Socrates: That’s fine, we can do with that condition, for now. Additionally, you do think that quitting the news is a good idea, don’t you?


Em: Yes, I do…


Socrates: So if quitting the news really is a good idea, wouldn’t you have to want everyone to act that way?


Em: Well, technically, yes.


Socrates: So you would want Tommy and Annabelle and Carlos here to quit right with you, right?


Em: I guess.


Socrates: If that is the case, tell me: Who would tell you what happened if everyone around you quit the news alongside yourself?


Em: Well, yeah, nobody could, that’s true. But I didn’t say it’s bad for everyone, did I? I guess I just feel like it’s bad for me, right now. So everyone else could still check the news and let me know if something of importance happened, right?


Socrates: Alright, noted. Let me ask you this, besides stating that you seem to be comfortable with others deciding what is of importance to you and what is not: How could something be bad for you but good for another person, Emmelie?


Em: I don’t know, you tell me, for you act like you have all the answers. And I’m not the one named after the founding father of philosophy, after all! [laughs]


Socrates [joining her laughter]: When you are being serious, though, what do you think?


Em: I guess it just is different for everyone how things affect us, for we are all unique.


Socrates: Fair enough. But answer me this: Is meat good food for cows?


Em: What?


Socrates: Would you recommend to cows, if they could listen to you, to eat meat?


Em: No, but I wouldn’t recommend eating meat to anyone! [laughs again]


Socrates: Alright. In all seriousness though, is meat good food for cows?


Em: No, it’s not.


Socrates: Tell me, what is, then?


Em: I don’t know, hay, I guess?


Socrates: Okay, so grass it is, or some plant or green. Would you agree with me that grass is good for any cow there is? Or do cows exist for whom the consumption of grass would be disadvantageous?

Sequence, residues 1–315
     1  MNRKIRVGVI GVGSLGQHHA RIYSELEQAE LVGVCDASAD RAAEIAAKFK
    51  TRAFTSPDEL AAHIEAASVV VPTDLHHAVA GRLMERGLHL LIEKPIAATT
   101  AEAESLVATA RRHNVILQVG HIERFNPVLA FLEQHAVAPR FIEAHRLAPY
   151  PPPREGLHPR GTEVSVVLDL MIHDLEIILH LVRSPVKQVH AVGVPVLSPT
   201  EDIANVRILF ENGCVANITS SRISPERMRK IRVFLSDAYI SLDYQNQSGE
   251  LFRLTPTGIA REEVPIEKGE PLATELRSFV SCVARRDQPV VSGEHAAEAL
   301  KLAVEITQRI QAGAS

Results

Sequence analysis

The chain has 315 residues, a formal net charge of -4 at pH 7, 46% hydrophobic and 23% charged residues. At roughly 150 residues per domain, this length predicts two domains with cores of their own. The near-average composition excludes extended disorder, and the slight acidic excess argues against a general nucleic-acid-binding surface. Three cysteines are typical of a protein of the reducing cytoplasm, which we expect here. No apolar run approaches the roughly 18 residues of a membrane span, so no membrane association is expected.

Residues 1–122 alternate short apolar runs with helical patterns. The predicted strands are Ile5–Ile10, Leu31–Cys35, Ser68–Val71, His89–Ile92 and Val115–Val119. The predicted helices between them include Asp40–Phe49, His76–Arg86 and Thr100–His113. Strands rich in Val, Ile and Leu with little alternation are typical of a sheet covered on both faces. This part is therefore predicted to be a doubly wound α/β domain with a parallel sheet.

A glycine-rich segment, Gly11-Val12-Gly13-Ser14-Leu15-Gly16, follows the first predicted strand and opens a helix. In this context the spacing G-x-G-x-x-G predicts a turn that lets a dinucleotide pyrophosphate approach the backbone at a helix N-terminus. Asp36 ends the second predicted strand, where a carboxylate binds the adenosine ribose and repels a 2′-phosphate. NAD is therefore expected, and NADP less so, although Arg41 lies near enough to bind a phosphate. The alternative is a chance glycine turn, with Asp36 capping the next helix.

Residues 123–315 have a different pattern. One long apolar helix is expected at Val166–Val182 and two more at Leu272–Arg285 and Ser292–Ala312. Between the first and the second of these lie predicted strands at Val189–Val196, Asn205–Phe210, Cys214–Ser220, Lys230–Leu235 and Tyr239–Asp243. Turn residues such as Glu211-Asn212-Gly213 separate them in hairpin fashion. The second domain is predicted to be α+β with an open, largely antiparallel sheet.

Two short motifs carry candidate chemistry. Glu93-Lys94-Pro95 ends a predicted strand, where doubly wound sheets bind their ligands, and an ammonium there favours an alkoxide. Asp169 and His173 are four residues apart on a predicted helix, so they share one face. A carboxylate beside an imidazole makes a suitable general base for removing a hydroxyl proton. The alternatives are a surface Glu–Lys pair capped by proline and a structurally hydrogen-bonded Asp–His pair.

Em: Old man, you really should take a lesson in common speech. But, to satisfy your incessant need for answers, yes, of course grass is good for all cows. You really ask the most basic questions, dude.


Socrates: Don’t worry, you will soon see their purpose. For humans such as ourselves, is grass good food?


Em: I don’t know, haven’t tried it. [laughing again]


Ann [eagerly jumping in]: No, it’s not. We literally don’t have the stomachs to digest grass.


Socrates: Well said. Would you, Emmelie, presuming you agree with Annabelle about grass being bad food for us, go along with saying that what essentially constitutes good food for each species is different, precisely because the species differ? And would you also agree that said food is then good for every individual of that species?


Em: I agree with both, yeah.


Socrates: And are the news not similar to food we consume? For I remember that earlier you yourself spoke of it in that way.


Em: Yes, I agree. We consume both food for the body and the mind.


Socrates: And are you and Tommy not of the same species, the same kind?


Em: We are both human, if that’s what you mean, yes.


Socrates: How then could the same food be good for him and at the same time be harmful to you? For we have agreed that for each kind, there is food that is good, and that said food necessarily is good for all individuals of the same species.


Em: Well, it seems so. [shrugs] I don’t know what I should think anymore. It feels like you’ve simply twisted the words in my mouth! All I know is that this – picks up her phone, shakes it violently – is doing some major harm to my mind!


Hugh: [quietly] Hey, guys, I do know what to think. Quitting the news just doesn’t conform to Kant’s categorical imperative! You simply can’t reasonably wish that everyone quit consuming news. Nobody would know what was going on. Therefore, you should not do it yourself.


Ann: Granted, smarty-pants, maybe that is the case. But that doesn’t solve her problem. I see it every day: It makes her literally sick to constantly see the destruction of the rain forest by humanity, replays of the atrocities of Kiev last year, victims of the latest heat wave in southern Europe and India, starved children from droughts in central Africa or the bombing of Helsinki just last week! And honestly, she’s right, for goodness’ sake – it makes me miserable, too, and Tommy and all of our friends and family alongside us!


Tommy [pondering]: Well, you might be right. But, what is it, then – is quitting the news good for us or bad? Now I want to know, also! Should we turn our attention away from the world? And what would that mean?


At this point, we leave the conversation for now, just as Socrates takes a first sip from his cup of cappuccino.